Although I enjoyed reading about all the characters, no matter how minor they were, I did feel like there were far too many minor characters introduced in the first 100 pages of the book. The first quarter of the book skipped back and forth between Ranhe’s story and a few pages on various other characters who were mentioned briefly enough in a short span that it made it hard to keep track of them all. After that, the story was mainly about Ranhe and these characters were barely even mentioned again until toward the end of the story. I felt like less focus on these characters in the beginning and more on Ranhe would have made the story tighter and less confusing, and knowing less about these other characters would not have taken away from the overall story.

The world in this story was unique and a pleasant change from the cliche fantasy settings. There was little magic other than the ability to create color and a mythological backstory involving a plethora of gods and goddesses. No races other than humans existed in this world and it did not feel like the city was reminiscent of medieval Europe to me.

The highlight of this book for me was Ranhe’s story and that’s the main reason I kept reading. When the book was about Ranhe, I found it extremely difficult to put down. The interactions between her and other characters kept the story interesting, and she is one of the more memorable characters I have read about this year.

Although the story could have been tightened up a bit in the first quarter of the book, it was an excellent tale. I would recommend it to anybody looking for a unique fantasy setting, poetic prose, and a strong female lead, and I look forward to seeing what Nazarian does with Lady of Monochrome.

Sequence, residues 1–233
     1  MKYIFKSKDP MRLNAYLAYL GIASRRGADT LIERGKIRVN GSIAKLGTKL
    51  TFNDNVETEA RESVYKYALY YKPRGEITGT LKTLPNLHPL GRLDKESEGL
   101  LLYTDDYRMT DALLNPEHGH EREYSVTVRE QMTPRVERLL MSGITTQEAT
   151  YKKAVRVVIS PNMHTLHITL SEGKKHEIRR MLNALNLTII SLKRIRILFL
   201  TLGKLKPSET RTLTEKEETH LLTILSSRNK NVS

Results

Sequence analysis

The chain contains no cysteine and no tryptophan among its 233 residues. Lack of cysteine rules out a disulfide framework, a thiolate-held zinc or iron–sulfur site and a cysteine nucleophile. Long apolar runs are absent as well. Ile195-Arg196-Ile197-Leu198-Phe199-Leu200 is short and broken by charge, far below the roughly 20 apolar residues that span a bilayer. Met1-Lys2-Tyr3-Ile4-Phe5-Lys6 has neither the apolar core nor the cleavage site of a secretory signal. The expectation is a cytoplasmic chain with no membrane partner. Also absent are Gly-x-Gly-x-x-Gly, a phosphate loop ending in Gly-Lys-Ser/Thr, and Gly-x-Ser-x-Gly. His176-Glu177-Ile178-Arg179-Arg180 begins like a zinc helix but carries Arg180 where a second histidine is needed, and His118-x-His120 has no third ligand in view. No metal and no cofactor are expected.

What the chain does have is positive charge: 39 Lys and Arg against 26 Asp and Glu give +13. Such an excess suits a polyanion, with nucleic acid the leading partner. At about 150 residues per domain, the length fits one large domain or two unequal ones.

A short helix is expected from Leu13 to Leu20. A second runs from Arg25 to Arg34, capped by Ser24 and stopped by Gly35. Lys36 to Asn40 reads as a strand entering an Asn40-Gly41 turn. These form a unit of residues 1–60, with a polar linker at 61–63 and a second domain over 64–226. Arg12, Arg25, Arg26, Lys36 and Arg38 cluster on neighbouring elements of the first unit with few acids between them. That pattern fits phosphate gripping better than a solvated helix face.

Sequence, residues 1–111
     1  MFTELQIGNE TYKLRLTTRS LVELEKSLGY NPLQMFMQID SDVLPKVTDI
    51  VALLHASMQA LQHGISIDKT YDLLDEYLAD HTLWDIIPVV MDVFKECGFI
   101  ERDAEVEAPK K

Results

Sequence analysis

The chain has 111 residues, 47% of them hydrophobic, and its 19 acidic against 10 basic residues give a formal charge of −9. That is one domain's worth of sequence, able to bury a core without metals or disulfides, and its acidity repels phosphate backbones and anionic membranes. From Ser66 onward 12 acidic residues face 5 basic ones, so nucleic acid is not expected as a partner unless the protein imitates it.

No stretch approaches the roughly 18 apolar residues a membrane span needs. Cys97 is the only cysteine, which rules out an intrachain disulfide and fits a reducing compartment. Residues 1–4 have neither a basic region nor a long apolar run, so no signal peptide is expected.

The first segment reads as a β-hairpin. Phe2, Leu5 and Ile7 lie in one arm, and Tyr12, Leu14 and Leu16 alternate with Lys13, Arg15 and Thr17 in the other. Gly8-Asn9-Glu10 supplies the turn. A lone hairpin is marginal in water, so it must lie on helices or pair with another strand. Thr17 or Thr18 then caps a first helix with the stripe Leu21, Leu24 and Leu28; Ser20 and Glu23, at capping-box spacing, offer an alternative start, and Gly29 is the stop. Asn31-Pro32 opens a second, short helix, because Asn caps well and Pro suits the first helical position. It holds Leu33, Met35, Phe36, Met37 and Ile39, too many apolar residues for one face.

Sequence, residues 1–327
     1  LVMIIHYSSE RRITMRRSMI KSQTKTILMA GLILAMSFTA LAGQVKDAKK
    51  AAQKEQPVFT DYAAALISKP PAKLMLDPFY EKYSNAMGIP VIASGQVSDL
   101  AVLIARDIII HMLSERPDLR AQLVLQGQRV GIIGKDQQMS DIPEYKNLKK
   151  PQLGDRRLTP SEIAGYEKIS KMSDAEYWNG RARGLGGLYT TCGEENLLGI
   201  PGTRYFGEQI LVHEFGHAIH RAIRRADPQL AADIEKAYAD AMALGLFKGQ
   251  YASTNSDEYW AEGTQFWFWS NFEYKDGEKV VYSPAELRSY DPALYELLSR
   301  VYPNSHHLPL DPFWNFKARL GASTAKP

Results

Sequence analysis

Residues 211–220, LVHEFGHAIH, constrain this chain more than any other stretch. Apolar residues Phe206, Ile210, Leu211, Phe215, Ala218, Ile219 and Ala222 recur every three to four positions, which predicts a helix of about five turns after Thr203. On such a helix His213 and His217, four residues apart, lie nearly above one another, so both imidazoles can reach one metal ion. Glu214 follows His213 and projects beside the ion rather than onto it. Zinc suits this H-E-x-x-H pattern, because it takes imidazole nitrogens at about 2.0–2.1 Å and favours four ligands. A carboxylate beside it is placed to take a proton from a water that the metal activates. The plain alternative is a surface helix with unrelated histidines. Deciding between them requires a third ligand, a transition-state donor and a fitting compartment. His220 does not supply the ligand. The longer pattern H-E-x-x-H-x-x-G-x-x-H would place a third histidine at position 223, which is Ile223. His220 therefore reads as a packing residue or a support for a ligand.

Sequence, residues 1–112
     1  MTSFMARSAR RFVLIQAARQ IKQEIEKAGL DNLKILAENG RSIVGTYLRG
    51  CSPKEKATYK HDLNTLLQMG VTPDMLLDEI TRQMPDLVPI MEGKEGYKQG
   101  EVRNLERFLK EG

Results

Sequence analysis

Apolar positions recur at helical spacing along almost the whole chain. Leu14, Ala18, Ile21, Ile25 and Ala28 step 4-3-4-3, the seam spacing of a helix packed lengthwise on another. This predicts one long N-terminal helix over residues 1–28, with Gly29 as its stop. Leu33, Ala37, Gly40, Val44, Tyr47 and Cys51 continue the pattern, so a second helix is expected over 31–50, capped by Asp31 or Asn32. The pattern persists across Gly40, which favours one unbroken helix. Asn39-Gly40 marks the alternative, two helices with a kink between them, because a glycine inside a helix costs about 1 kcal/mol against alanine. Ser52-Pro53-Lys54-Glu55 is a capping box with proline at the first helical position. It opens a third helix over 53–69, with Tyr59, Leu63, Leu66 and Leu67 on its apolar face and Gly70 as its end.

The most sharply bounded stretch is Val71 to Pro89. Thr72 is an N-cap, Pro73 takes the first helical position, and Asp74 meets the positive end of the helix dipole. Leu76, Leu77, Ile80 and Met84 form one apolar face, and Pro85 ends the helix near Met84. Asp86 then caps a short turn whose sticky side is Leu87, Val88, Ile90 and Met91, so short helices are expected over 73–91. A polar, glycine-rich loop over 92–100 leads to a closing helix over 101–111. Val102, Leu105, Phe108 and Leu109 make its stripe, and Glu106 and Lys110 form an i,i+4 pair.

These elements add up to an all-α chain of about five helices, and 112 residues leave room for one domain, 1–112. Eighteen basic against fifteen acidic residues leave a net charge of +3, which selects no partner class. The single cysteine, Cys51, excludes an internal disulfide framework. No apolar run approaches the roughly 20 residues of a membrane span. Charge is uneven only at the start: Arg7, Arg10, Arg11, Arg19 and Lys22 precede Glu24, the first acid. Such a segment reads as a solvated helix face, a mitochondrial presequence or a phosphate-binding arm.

Making Money

Making Money
by Terry Pratchett
400pp (Hardcover)
My Rating: 7/10
Amazon Rating: 4/5
LibraryThing Rating: 3.99/5
Goodreads Rating: 4.01/5

Making Money, the thirty-second novel in the Discworld series by Terry Pratchett, is the second book in the series about con-artist Moist von Lipwig. Both stories are self-contained, meaning that you do not have to read any of the previous Discworld books in order to enjoy the newest one, although a few minor parts of the book will probably make more sense to you if you have read the first book about the main character, Going Postal. Some background on some characters appearing briefly exists in some of the previous Discworld books, but reading the previous novels in the series is certainly not a requirement for understanding what is going on in this book. It would just enhance the experience of reading it.

Moist finds he is getting bored with his work at the post office now that it is running rather smoothly and entertains himself by putting his thieving skills to the test and attempting to break into his own post office. Vetinari seeks to relieve Moist’s lack of mental stimulation by repeatedly trying to entice him with the new challenge of running Ankh-Morpork’s bank. Moist will not accept this position, which turns out to be an offer he can’t refuse when the chairman dies, leaves her dog to Moist, and leaves all her shares in the bank to the dog.